Who we areSince May of 2014 the Laboratory of EPR spectroscopy does not exist anymore in the form presented on these pages.
Members of the former staff are still involved in EPR spectroscopy research though.
The Laboratory of EPR (electron paramagnetic resonance) spectroscopy
is part of the Research Centre for Natural Sciences, one of the largest, multidisciplinary research centres of
the Hungarian Academy of Sciences. The laboratory is located in the—recently built—central building of the research centre,
right in the neighborhood (practically at) the campus of two of the most respected and largest universities of the country, the
Budapest University of Technology and Economics and the
Eötvös Loránd University.
We are thus enjoying a vivid, stimulating scientific environment that we are pleased to share with numerous fellow researchers, university professors and students.
The scenic beauty of the nearby Danube river—flowing through the city in a distance of ca. 300 meters from the laboratory—is
another gift (of nature) worth to mention and capable to inspire body and soul alike.
The history of the laboratory dates back to the middle of 1960's. During the ca. half-century of its scientific history, the laboratory has readily provided its members with a fertile ground for scientific research and discovery.
At the same time, it also proved to be a successful springboard for members who at some point of time continued their career in a different institution at home or abroad.
The laboratory is run by a staff of researchers whose backgrounds in physics and chemistry complete each other in a way that enables the laboratory to
address diverse scientific problems ranging from solid state physics (see, e.g., 1994) and
materials science (see, e.g., 2013) to
inorganic (see, e.g., 2012) and
organic chemistry (see, e.g., 2004) and even
biomedical sciences (see, e.g., 1989,
Beside doing experimental science, members of the laboratory also have strong skills in computer programming and data analysis techniques, and
routinely apply theoretical molecular structure calculations performed by the ORCA software.
Ever since its establishment, members of the laboratory have advanced the field of EPR spectroscopy and its applications with significant contributions. Interest in the application of the method was in part initiated by ongoing research in the field of radical polymerization processes where nitroso compounds were applied as polymerization inhibitors already in the mid of 1960's (see, e.g., 1963, 1964, 1966). In numerous works, the laboratory has paid ample attention to the structure and chemistry of free radicals (see, e.g., 1967a, 1967b, 1978a, 1978b). During the years nitrones and nitroso compounds have been both widely and successfully utilized in the laboratory to trace down short-living radicals via spin trapping reactions (see, e.g., 1978, 1986, 2004). In the 1970's members of the laboratory have also contributed significantly to the theoretical aspects of EPR spectroscopy by deriving closed-form formulas for the energy levels of the EPR spin Hamiltonian by the application of second order perturbation theory (1973), as well as by treating the so called ambiguity problem of the spin Hamiltonian in detail (1976). The latter problem, related to the information observable on the basis of EPR spectra by using the spin Hamiltonian formalism, was revisited in the 1980's when it was given a general treatment in terms of the uncertainty principle of quantum mechanics (1988). The activity in the field of EPR theories also culminated in the development of a unique computer software for the simulation and analysis of EPR spectra (1996).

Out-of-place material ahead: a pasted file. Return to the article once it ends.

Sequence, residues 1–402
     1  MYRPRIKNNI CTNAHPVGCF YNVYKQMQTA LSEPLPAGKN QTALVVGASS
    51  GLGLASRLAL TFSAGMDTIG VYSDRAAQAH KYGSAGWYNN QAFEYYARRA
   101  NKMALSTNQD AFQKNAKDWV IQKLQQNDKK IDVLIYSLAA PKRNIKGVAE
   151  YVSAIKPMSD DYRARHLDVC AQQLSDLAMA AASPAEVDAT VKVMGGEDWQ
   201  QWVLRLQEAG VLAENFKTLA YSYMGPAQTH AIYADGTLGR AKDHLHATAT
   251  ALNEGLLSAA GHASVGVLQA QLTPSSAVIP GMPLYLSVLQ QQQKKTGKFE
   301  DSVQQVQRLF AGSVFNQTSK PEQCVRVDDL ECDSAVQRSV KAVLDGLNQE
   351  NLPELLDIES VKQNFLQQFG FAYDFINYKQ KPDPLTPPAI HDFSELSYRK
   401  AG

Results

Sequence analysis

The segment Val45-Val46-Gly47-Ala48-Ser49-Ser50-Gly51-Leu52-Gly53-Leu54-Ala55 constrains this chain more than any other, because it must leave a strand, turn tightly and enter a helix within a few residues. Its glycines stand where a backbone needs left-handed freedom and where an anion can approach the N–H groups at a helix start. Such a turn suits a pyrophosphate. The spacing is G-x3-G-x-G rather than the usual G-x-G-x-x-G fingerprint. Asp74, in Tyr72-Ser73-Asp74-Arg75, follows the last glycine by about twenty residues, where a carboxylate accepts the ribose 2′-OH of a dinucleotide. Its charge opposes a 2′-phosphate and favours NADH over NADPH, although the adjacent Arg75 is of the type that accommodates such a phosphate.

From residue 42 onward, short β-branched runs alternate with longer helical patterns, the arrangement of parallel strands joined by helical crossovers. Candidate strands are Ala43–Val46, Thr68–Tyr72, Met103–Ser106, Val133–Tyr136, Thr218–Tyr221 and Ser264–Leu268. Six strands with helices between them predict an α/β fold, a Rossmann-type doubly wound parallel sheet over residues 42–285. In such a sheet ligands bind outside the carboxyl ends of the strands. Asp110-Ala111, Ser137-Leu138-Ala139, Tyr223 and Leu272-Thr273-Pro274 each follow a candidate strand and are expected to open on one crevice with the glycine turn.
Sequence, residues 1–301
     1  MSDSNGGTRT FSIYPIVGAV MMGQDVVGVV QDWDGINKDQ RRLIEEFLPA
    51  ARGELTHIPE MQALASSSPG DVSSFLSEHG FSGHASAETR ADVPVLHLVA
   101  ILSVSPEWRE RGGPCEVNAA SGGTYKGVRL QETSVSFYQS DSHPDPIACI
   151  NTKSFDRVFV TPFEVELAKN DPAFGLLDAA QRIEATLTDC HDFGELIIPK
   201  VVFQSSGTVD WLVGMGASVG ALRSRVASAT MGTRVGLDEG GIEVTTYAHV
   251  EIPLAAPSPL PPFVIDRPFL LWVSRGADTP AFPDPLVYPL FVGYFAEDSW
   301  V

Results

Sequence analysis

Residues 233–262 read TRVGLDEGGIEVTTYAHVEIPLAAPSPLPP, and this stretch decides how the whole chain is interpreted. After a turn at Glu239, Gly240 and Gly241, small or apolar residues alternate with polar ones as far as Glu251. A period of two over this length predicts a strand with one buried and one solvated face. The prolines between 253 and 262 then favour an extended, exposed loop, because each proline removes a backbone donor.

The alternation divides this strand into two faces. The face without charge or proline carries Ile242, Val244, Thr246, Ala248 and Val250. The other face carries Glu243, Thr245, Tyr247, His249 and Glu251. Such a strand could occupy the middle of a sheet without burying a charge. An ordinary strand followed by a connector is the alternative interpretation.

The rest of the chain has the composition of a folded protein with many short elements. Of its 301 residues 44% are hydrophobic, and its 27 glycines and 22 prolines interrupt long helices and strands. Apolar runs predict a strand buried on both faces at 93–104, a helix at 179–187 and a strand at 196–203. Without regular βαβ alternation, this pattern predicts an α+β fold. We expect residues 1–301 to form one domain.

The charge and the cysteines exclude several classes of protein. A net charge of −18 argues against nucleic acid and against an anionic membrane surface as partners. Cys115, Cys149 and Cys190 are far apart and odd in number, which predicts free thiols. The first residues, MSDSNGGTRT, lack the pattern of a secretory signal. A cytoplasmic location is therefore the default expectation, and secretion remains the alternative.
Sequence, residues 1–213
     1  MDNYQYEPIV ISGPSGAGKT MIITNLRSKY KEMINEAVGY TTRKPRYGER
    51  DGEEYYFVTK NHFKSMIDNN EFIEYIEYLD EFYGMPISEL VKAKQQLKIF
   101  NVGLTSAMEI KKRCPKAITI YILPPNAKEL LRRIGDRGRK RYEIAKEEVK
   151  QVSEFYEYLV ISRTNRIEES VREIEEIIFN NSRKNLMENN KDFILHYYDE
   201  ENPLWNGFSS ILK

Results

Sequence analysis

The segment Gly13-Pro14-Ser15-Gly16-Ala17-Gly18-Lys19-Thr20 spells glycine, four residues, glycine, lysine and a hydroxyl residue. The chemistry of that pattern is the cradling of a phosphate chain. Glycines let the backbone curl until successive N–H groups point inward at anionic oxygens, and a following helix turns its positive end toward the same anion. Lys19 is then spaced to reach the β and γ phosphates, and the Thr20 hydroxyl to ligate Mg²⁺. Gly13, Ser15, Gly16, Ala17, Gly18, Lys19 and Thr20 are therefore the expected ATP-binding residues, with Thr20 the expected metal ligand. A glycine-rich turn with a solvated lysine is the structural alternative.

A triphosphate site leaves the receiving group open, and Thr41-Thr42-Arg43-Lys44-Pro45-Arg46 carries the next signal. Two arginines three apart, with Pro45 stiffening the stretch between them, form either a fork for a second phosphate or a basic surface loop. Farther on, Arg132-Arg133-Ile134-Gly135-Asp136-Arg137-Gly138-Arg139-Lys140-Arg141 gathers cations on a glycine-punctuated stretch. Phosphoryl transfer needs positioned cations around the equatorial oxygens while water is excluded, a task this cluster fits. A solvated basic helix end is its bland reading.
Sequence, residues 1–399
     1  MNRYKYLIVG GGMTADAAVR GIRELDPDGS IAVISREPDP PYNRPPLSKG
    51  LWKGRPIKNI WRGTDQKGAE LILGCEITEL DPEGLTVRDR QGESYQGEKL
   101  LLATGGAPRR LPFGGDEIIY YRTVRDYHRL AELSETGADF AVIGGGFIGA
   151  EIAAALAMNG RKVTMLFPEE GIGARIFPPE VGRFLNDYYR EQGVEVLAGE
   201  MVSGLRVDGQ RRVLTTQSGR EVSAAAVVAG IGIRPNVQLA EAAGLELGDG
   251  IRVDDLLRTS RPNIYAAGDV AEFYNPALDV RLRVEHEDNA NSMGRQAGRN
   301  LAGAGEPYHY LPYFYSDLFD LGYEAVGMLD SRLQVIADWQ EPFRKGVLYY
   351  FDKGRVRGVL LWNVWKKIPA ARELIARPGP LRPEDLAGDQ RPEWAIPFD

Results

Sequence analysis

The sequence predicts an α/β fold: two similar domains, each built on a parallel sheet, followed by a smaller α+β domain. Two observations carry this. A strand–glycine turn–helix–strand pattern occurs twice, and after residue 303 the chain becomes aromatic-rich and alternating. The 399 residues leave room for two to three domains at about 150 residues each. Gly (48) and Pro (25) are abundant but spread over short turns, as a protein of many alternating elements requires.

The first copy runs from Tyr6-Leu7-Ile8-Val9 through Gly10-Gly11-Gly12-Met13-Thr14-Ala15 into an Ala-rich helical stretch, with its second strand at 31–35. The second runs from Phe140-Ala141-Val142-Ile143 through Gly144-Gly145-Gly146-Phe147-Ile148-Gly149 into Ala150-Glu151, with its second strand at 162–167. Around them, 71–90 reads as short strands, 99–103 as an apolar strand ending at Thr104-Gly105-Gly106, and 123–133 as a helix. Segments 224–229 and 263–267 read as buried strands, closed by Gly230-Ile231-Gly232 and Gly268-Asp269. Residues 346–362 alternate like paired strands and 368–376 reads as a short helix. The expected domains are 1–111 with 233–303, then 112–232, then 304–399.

Concerning the preparation of the various samples studied, the laboratory has generally teamed up with fellow laboratories from home and abroad. We are proud to have excellent professional and personal, national and international relations with members of outstanding research groups, which are also evidenced by the numerous publications realized in the frame of our corresponding scientific collaborations. While the laboratory performs mainly curiosity driven basic research, we are also open for cooperation regarding applied research and industrial research contracts. Given that the scientific equipment available to us is quite unique and—despite its potential usefulness in many areas—only sparsely available especially on the national level, we also realize our responsibility in making this equipment and associated expertise as widely available as possible also for the benefit of the national scene of science and technology.
Members of the laboratory also have considerable experience teaching various subjects at university (B.Sc., M.Sc.) level, and participate in higher education on a regular as well as on an occasional basis by providing undergraduate students with EPR spectroscopy related practical training and diploma work themes. We enjoy sharing our scientific knowledge and experience with students and young scientists, and offer them a relaxed yet professional scientific atmosphere, where beside learning the fundamentals of EPR spectroscopy they can also gain proper insight into various practical and ethical aspects of the scientific profession in general. Students interested in working with us in the frame of their diploma work are advised to check out our dedicated invitation page.
We are always ready to make new acquaintances and to face new scientific challenges, so if you are interested in cooperating with us, don't hold back and contact any of us for example via E-mail. Our dedicated invitation page has also been set up in order to introduce some further details regarding our practices with respect to scientific collaborations.